Oct 4, 2010


Dear Agent,

While swimming in a secluded lake, seventeen-year-old Hannah sees a discarded pendant on the lakebed. When she picks it up, the pendant transports her to the isolated town of Lakeview where she meets Lily. The two become friends, and Hannah agrees to keep the lake, the town, and their friendship a secret – for her own safety, as well as Lily's.

Once school starts, Hannah begins dating Brendan, the new kid in town. After his mom dies unexpectedly, Brendan overhears his dad speaking with a stranger about her death taking place at a lake. Brendan realizes that his dad lied to him about his mom's death.

Hannah tells Brendan about Lily and the lake, knowing that Lily may be able to shed light on his mom’s death. What they discover in Lakeview gives Brendan hope for seeing his mom again. But when his plan fails and Hannah’s life becomes in danger, Brendan must use the powers of the lake to set things right, or risk losing his girlfriend forever.

LAKESIDE, a young adult novel complete at 85,000 words, combines mystery, romance, supernatural elements, and adventure.

Thank you for your consideration.



Dominique said...

I don't know what this book's about. I know there's an amulet on a lake, some girl (who I'm assuming is from a different time period) that people can't know about, and a dead woman (who I'm thinking might have been the boy's mother as a child.) This query needs more specifics.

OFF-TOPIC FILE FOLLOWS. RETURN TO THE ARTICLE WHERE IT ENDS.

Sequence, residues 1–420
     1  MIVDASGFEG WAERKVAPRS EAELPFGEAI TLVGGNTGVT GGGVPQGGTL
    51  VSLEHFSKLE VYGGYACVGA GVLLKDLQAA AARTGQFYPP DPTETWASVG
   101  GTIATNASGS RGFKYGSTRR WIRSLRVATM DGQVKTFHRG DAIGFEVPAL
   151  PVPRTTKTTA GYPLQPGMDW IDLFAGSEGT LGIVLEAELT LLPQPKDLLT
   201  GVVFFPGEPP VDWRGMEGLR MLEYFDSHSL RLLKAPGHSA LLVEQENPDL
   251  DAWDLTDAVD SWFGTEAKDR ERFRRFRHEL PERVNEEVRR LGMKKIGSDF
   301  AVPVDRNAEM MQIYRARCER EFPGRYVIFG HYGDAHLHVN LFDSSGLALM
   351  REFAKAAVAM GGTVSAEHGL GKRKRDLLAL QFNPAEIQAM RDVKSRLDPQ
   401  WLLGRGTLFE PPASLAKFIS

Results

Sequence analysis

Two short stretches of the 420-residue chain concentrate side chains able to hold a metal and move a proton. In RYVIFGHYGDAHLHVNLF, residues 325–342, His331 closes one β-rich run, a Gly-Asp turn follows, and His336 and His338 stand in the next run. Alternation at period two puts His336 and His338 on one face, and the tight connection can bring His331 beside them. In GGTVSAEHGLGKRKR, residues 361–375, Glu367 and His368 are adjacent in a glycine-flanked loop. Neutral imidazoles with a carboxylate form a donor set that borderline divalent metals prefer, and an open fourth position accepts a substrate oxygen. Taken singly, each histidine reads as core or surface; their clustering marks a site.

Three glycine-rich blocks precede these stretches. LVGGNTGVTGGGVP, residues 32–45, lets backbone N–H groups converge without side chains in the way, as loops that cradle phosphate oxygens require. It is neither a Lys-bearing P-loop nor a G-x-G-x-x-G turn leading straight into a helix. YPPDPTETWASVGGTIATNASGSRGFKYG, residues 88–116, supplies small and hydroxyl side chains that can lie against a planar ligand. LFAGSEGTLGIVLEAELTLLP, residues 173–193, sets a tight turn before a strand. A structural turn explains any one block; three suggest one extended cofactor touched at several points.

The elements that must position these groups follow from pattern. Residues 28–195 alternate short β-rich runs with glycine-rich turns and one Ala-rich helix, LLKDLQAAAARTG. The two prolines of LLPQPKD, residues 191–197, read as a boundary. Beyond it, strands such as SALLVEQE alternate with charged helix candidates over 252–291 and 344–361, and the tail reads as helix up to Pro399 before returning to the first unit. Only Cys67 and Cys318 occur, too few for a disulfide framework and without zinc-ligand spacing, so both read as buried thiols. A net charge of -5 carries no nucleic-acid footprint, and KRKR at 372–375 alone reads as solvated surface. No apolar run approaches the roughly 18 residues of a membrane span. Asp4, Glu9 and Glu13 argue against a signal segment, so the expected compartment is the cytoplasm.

RaeLin said...

Dominique - thanks for your helpful comments. This is the first query that I've ever written, and it's helpful to have someone who hasn't read the story give their opinion!

You're actually pretty spot on. So with that said, how much of the plot are you supposed to give away in a query? I guess I need to give more specifics, but 1) not give away the entire plot, and 2) keep the query a decent length (not drag on and on).

I thought the main purpose of a query was to get someone interested in reading more (which perhaps this hasn't done). Thanks again!

Shelley Sly said...

I like the premise of this story. I'm sure your manuscript is very interesting, but I think your query lacks voice.

Right now, this sort of sounds like a series of events read in an official, almost textbook-like tone (especially the second paragraph). Since there's probably lots of emotion and drama in your story, I would reflect that in your query, too.

My personal suggestion is to chop things up a little. Don't be afraid of fragments or short sentences. Majority of your sentences start with a phrase followed by a comma. I recommend breaking those up a little.

Lastly, I suggest defining your genre and sticking with it. Call it mystery, or romance, or combine the two. I'd leave out supernatural and adventure.

Just my opinion, and by no means the "right" way to write your query. I wish you best of luck with this -- it really does sound like an exciting story!

Shelley Sly said...
This comment has been removed by the author.
RaeLin said...

Thanks Shelley! Very helpful comments. I will definitely incorporate them into my next draft! I think you're right that to chop things up a bit would help.

abogash said...

My 2 cents for what they're worth.

There are five characters mentioned in your query- yet I can't find one reason why I want to read any of their stories.

Focus on the Protag. Hannah-I think but I'm not sure since Lily and Brendan take over your query and Hannah seems to fade in importance vs get stronger.